Compendium of forgotten foods in Africa: A companion publication for Integrating Africa’s forgotten foods for better nutrition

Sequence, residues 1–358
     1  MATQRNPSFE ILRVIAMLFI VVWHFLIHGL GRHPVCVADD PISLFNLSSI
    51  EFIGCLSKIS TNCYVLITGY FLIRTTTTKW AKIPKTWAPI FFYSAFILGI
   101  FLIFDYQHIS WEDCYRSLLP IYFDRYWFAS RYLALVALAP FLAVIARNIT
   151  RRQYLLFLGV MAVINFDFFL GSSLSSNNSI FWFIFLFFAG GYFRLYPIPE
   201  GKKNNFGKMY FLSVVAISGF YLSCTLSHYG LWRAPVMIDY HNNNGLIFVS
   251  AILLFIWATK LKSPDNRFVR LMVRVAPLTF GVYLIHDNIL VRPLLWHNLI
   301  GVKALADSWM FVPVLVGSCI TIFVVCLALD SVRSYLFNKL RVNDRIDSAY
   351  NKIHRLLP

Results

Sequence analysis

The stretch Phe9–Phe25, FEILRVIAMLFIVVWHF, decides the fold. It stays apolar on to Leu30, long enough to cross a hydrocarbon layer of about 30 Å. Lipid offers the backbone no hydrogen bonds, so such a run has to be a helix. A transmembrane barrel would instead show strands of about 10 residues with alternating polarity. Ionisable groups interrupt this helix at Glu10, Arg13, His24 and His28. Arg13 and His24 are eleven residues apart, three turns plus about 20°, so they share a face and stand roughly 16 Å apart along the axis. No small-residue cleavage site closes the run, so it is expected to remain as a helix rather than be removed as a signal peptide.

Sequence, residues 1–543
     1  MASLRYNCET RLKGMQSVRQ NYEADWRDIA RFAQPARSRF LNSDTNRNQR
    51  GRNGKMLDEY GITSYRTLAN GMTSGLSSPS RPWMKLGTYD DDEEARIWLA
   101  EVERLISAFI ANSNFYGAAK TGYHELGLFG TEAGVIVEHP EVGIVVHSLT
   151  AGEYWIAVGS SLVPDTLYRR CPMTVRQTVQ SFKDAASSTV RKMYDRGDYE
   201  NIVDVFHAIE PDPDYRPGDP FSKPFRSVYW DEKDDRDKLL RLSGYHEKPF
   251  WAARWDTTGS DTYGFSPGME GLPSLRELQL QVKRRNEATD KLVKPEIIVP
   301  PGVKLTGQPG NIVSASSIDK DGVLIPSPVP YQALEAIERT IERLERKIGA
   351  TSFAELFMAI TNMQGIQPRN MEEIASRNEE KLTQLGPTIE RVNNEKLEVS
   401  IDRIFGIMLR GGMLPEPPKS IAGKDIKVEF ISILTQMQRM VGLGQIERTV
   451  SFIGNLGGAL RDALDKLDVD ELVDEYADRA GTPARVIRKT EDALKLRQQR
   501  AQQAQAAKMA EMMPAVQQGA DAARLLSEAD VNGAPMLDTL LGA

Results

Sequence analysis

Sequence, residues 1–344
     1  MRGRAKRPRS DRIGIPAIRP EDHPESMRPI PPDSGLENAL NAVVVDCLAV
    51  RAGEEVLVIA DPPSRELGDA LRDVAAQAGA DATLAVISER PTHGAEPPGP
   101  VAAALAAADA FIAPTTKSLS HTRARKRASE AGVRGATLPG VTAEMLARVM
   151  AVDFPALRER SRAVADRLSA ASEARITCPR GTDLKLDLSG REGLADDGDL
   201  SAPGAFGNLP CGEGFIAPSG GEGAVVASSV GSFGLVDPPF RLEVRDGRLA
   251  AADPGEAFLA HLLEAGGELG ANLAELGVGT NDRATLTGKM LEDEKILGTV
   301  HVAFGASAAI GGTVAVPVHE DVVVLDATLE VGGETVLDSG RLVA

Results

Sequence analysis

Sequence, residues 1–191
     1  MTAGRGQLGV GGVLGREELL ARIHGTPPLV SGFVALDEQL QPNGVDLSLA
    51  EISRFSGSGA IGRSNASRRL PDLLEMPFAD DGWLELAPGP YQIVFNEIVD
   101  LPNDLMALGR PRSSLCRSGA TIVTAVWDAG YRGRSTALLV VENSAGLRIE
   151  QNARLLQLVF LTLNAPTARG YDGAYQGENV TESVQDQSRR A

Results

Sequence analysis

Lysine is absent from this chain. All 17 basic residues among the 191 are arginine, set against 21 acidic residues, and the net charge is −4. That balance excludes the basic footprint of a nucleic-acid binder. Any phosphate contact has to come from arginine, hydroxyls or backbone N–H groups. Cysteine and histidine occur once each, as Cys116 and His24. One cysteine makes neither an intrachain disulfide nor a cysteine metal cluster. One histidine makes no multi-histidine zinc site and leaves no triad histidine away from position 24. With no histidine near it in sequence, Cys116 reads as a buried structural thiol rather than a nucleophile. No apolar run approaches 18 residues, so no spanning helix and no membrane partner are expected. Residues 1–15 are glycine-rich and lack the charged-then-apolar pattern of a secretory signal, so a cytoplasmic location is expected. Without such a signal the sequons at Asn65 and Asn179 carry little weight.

The Food and Agriculture Organization of the United Nations has launched a new Compendium of forgotten foods in Africa which is a first-of-its-kind comprehensive collection of 100 African forgotten food crops. Also referred to as neglected, underutilized or orphan crops, these species offer valuable benefits, including nutrition and diet diversification, while supporting resilient, climate-smart agriculture but they are at risk of being lost as foods such as maize, rice and wheat dominate African diets. The compendium list includes details on each crop's botanical classification, agroecological suitability, agronomic requirements, traditional and medicinal uses, value-added prospects and nutritional content. Among the entries are: African locust beans, African nightshade, baobab, Bambara nut, bush mango, cassava, fonio, marula, moringa, teff and tigernut. Produced by the Food and Agriculture Organization (FAO)'s Regional Office for Africa with the Forum for Agricultural Research in Africa (FARA), the Compendium is a direct response to the UN Food Systems Summit and the Call for Collective Action in the Global Manifesto on Forgotten Foods. Embracing both agricultural heritage and innovation can transform agrifood systems across Africa. By cataloguing these forgotten or underutilized crops, traditional knowledge is being honoured in the push to unlock the potential for better nutrition, sustainable agriculture, and resilience against the climate crisis. In a joint foreword to the publication, FAO Assistant Director-General and Regional Representative for Africa Abebe Haile-Gabriel and FARA Executive Director Aggrey Agumya urged the mainstreaming of forgotten foods into African agrifood systems.